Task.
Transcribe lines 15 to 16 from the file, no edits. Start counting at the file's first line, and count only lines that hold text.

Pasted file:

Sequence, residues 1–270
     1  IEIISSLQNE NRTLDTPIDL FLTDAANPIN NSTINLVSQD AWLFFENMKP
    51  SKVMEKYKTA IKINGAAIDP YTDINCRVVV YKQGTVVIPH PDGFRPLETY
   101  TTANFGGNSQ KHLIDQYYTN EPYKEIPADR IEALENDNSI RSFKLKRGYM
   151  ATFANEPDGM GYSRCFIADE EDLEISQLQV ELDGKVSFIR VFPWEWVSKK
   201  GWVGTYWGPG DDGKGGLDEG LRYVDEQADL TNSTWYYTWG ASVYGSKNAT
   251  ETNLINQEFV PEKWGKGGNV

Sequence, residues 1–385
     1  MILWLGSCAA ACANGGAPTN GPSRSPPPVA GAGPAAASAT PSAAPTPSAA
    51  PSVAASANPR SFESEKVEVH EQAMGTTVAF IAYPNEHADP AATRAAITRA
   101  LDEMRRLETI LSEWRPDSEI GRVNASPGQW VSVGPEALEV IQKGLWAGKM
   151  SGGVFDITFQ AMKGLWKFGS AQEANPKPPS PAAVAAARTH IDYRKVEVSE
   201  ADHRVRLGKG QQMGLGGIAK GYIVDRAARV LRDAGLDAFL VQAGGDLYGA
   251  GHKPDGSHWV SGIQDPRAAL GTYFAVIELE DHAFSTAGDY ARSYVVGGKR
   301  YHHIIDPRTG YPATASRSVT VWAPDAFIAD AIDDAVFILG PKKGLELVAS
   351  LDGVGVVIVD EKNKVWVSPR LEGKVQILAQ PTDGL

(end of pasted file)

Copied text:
   301  YHHIIDPRTG YPATASRSVT VWAPDAFIAD AIDDAVFILG PKKGLELVAS
   351  LDGVGVVIVD EKNKVWVSPR LEGKVQILAQ PTDGL